June 2009


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Conversation between Intelligent Buildings and Smart Energy

As I write this, the Interim Roadmap for the Smart Grid has not been published. What follows is my view of how this area will develop.

Toby ConsidineToby Considine
Systems Specialist,
Facility Services, University of North Carolina Chapel Hill
The New Daedalus

Contributing Editor

Intelligent buildings filled with clever devices and intelligent systems will negotiate with the grid and with their occupants to provide new models for reliable power. The benefits to the grid will come from coordinating supply and demand using economic signals. The benefits to the buildings will be increased value by providing higher levels of amenities to their tenants and inhabitants for lower cost. The benefits to the tenants and occupants will be better services at the same or lower costs and more autonomy as they separate from grid dependency. The benefit to the clever devices will be longer life and more reliable operations from eliminating the power shocks that assail them now.

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The benefits to building owners will be economic models that offer incentives to pay for improved equipment. The benefit to building integrators will be national markets based on common signals from the grid, allowing them to provide more services to those owners for less.  The benefit to ventures and technology development will be the entry of all those building owners into the markets for generation and storage; those owners will offer a shorter sales cycle and more openness to innovation than ever will the utilities.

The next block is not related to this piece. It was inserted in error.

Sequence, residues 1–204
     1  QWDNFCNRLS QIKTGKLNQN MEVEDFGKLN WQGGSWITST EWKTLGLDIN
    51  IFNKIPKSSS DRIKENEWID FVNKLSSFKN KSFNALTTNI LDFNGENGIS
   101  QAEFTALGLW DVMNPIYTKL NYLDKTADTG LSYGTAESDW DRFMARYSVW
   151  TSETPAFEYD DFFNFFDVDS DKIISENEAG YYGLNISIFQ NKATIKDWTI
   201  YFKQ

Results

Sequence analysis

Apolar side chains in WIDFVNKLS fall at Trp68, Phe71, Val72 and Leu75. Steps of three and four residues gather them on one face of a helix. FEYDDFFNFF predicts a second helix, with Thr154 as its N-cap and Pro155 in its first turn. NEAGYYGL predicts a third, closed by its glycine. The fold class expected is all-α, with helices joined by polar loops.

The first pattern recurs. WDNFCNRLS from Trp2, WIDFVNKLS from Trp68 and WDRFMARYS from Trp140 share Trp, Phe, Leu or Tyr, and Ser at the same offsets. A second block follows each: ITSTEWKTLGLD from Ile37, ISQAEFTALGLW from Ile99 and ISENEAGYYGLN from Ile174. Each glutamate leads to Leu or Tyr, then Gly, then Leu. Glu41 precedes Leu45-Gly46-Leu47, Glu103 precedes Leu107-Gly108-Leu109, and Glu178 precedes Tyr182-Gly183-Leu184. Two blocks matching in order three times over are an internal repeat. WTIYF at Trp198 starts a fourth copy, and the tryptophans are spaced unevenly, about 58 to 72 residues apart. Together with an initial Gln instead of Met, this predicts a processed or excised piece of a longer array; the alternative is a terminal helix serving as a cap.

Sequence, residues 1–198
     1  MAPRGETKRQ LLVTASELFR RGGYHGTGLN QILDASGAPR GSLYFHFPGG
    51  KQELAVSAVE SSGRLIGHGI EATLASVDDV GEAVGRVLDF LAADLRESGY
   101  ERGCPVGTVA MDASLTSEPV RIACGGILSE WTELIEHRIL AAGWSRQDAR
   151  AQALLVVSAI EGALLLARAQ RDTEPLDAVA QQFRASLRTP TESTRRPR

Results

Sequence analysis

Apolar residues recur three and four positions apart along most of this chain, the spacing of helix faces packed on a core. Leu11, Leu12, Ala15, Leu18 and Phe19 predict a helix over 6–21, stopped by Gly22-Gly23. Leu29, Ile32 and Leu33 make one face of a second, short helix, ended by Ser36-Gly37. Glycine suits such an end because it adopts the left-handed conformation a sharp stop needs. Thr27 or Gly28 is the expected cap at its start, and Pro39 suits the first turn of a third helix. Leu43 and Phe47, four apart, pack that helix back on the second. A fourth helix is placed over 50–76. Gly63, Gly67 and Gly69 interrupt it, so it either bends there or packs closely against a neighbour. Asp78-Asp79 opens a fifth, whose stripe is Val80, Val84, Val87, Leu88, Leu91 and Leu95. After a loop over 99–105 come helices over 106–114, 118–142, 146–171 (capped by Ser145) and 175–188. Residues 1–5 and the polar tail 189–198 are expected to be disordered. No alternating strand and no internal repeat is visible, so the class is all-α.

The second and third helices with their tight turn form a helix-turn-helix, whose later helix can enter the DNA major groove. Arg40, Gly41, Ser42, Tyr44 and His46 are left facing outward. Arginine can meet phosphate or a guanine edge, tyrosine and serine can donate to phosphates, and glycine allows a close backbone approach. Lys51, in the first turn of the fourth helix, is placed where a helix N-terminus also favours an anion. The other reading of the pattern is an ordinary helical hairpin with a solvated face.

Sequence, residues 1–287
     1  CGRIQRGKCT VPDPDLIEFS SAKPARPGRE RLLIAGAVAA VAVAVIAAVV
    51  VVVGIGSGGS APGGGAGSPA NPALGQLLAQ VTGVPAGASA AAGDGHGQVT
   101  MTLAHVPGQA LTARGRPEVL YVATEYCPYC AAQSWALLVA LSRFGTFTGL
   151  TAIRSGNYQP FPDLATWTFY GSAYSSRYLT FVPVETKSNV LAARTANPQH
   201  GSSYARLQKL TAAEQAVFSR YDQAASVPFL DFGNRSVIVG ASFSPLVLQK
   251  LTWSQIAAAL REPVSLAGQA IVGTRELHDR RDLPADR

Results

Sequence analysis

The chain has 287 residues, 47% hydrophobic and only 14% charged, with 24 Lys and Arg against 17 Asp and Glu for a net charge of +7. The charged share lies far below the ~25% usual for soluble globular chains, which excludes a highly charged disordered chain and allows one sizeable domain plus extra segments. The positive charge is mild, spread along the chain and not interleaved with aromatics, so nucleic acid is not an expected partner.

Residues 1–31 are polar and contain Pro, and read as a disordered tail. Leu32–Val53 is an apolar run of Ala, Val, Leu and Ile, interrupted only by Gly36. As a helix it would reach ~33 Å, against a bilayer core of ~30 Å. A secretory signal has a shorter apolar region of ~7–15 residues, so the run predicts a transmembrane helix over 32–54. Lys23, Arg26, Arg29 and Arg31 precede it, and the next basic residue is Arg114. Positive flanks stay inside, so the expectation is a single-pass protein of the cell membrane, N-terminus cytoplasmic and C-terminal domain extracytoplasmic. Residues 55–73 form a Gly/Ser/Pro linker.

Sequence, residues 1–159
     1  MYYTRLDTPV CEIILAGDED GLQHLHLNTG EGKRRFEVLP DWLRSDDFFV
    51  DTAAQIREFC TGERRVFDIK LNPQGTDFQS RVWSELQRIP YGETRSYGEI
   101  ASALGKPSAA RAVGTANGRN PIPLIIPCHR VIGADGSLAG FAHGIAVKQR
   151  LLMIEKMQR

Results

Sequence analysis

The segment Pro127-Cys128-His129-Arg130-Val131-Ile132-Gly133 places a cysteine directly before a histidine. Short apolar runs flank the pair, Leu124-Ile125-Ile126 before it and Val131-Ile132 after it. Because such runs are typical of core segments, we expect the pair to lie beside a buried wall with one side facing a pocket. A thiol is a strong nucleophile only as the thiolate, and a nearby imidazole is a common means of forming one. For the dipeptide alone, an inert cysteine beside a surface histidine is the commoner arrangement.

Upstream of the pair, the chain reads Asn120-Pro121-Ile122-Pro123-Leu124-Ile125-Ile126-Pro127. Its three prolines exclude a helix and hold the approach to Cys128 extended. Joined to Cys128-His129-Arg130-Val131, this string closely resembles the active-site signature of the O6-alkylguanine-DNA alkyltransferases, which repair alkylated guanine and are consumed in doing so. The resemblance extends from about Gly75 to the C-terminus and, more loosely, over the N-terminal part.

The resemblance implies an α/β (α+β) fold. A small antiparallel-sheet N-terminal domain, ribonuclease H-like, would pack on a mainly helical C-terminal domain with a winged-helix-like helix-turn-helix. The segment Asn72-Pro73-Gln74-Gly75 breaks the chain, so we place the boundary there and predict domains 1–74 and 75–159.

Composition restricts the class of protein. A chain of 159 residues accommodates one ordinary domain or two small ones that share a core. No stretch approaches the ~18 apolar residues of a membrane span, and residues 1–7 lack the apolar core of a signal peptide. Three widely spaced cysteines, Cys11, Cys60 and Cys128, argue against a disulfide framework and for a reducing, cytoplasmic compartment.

This requires a small simple model for interactions. To create this model, we must think clearly about the business process of each of these participants. Today, we have the virtual company in every niche of our economy. UPS and FedEx offer logistics services that are part of the internal processes of thousands of companies. Tomorrow we will have virtual energy services companies as well, assembled from the services offered by a community more numerous and diverse than today.

Each building will communicate with the grid by two services: the metering service and the energy management services (EMS). 

The metering service (which does not necessarily mean the meter) will provide live and interval measurement of energy flows into and out of the building. This service will be symmetrical, meaning both the supplier and the consumer will be able to see the same information at the same time. The meter service will also be the end point of the energy distribution control system, providing telemetry to enhance customer service and downtime recognition.

The EMS will be the focus of business interactions. On the outside, the EMS will manage the business negotiations for each building. On the outside of the building, the EMS will be the locus of energy market operations. Buying, selling, and price decisions will flow to and from the outside of the EMS.